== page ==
He’s been called the most polarizing prospect in the NFL draft, a boom-or-bust quarterback with enough skills to be a Patrick Mahomes-like playmaker and enough question marks to be a Jake Locker-like disappointment.
Pro scouts love Utah State junior Jordan Love’s size (6-foot-4, 224 pounds), mobility and arm strength. They see tight spirals delivered from a variety of arm slots, 50-yard flick-of-the-wrist bombs into tight windows on the run, an ability to make off-schedule plays at the next level ...
Then they see the regression from his sophomore season, when Love completed 267 of 417 passes for 3,567 yards and 32 touchdowns with six interceptions, to his junior year, when he completed 293 of 473 passes for 3,402 yards and 20 touchdowns with a Football Bowl Subdivision-high 17 interceptions, and red flags are raised.
Did Love struggle because he was playing for a first-year coach in a second-tier conference with third-rate receivers? Or did last season reveal weaknesses in decision-making and accuracy that will be further exposed in the NFL?
There are no easy answers, which is why Love could be taken in the first 10 picks of the draft or drop to the third round.
Kenneth Murray Jr. faced childhood challenges that made him a man on the field
Kenneth Murray Jr. used his combination of size, speed, athleticism, instincts and tenacity to develop into a 6-foot-2, 241-pound tackling machine at Oklahoma and one of the top two inside linebackers, along with Louisiana State’s Patrick Queen, in the upcoming NFL draft.
Murray does not take any of his attributes for granted. When Kenneth was 11 years old in Missouri City, Tex., his parents — Kenneth Sr., a Baptist pastor, and Dianne, a retired police officer — adopted three children with chromosomal disorders.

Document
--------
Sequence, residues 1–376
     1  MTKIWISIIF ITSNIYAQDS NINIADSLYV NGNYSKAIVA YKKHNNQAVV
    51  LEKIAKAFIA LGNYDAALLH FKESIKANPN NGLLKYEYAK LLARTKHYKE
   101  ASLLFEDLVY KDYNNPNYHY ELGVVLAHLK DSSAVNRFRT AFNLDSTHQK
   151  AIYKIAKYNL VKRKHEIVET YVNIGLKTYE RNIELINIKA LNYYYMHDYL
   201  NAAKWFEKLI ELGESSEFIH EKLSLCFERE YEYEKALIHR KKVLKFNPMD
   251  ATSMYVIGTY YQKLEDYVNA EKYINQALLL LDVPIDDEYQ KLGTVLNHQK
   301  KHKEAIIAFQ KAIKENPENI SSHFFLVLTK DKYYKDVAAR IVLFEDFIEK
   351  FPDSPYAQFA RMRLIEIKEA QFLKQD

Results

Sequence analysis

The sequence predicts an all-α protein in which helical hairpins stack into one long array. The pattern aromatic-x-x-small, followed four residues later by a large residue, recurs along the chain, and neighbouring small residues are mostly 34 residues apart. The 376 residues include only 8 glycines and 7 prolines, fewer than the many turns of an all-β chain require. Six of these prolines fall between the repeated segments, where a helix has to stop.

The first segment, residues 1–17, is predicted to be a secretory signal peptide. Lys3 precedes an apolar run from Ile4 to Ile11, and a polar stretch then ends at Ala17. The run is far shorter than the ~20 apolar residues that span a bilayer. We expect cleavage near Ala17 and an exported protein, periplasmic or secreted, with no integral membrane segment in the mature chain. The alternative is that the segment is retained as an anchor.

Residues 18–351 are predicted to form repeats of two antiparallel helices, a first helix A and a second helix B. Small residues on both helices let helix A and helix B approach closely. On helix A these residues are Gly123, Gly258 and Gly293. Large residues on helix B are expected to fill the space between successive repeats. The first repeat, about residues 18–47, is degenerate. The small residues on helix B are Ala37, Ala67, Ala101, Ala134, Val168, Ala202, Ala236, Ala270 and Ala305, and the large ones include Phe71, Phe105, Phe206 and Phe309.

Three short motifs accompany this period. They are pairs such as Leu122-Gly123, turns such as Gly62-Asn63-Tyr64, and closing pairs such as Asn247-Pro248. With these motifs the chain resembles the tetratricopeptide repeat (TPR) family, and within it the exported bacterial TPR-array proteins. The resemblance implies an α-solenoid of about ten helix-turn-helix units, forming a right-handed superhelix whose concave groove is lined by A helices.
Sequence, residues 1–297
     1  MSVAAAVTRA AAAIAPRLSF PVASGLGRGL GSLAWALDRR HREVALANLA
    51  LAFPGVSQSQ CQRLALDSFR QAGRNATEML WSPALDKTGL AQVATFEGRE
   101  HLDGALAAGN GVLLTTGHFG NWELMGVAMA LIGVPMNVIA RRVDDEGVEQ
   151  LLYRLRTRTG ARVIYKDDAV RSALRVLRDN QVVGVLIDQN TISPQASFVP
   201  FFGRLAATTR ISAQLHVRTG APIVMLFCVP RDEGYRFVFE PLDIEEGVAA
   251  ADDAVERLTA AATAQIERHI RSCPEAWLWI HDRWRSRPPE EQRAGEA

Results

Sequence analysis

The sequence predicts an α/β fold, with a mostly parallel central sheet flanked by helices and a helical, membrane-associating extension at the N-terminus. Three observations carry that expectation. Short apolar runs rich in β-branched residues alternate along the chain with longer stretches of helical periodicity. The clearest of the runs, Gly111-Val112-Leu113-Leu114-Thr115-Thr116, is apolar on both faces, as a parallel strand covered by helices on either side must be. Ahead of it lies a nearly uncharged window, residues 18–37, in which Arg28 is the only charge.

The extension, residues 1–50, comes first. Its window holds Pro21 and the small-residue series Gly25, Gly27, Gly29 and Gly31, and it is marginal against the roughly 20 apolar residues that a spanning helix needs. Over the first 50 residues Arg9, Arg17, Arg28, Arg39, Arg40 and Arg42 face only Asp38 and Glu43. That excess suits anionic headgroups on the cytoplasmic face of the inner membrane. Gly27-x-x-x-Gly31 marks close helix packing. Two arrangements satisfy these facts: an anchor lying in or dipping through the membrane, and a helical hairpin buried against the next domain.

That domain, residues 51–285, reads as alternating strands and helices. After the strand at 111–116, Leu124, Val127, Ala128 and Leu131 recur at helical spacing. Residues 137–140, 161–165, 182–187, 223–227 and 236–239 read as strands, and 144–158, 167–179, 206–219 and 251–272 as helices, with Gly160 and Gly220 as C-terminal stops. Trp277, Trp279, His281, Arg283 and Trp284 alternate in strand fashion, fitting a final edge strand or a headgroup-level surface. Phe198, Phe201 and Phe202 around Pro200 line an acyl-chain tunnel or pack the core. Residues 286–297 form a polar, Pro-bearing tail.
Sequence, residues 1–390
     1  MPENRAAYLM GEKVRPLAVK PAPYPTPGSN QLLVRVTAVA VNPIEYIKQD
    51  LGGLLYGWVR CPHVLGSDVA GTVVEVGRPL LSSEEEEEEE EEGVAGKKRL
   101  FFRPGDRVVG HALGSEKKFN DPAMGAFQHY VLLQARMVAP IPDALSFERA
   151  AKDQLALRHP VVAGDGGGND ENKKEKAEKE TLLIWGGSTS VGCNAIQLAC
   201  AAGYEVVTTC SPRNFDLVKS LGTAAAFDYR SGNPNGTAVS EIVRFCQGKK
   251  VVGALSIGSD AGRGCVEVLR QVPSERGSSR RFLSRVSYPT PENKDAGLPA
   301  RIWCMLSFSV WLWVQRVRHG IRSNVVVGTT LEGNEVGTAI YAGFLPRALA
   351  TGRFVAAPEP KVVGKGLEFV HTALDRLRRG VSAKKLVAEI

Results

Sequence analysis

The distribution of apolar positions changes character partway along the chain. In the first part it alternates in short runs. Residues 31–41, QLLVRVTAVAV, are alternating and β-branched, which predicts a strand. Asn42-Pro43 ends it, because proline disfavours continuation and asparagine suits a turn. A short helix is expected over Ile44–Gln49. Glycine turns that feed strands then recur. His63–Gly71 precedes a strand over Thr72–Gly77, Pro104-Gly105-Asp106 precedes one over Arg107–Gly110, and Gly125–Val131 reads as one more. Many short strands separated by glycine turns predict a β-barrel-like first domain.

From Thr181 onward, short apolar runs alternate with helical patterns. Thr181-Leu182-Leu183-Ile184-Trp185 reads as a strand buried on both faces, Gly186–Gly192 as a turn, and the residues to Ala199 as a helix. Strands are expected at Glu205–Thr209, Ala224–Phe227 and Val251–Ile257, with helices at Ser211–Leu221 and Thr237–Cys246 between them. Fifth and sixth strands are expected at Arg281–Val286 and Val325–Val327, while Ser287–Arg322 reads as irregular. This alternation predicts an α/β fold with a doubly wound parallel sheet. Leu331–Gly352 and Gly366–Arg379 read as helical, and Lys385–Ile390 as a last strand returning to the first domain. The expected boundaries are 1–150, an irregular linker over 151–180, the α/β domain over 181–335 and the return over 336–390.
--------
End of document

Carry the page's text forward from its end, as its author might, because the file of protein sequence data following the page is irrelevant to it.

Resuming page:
Nyia, now 19, can speak and is relatively independent, but she reads at an elementary school level. Lenny, now 14, and James, now 11, are non-verbal and significantly undersized for their age. Lenny is confined to a wheelchair.
“One of the big lessons I learned is to be grateful for life, for the ability I have, for being able to function properly, to be able to speak,” Murray, who also has a younger biological sister, said at the NFL combine in February.
“It makes me want to go out there and give my best every time, because literally, on an everyday basis, I see my two little brothers who can’t do what everybody else can do. So I try to take advantage of every opportunity.”
Auburn defensive lineman Derrick Brown has grown into top NFL draft prospect
What do offensive linemen Drake Dorbeck of Southern Mississippi and Damien Lewis of Louisiana State have in common, other than weighing more than 300 pounds, playing football in the South and generally being known for adept pass blocking?
Well, both play a starring role in Derrick Brown’s highlight reel, which surely will be rolled out in the first 10 picks of the NFL draft when the Auburn senior defensive tackle’s name is likely to be called.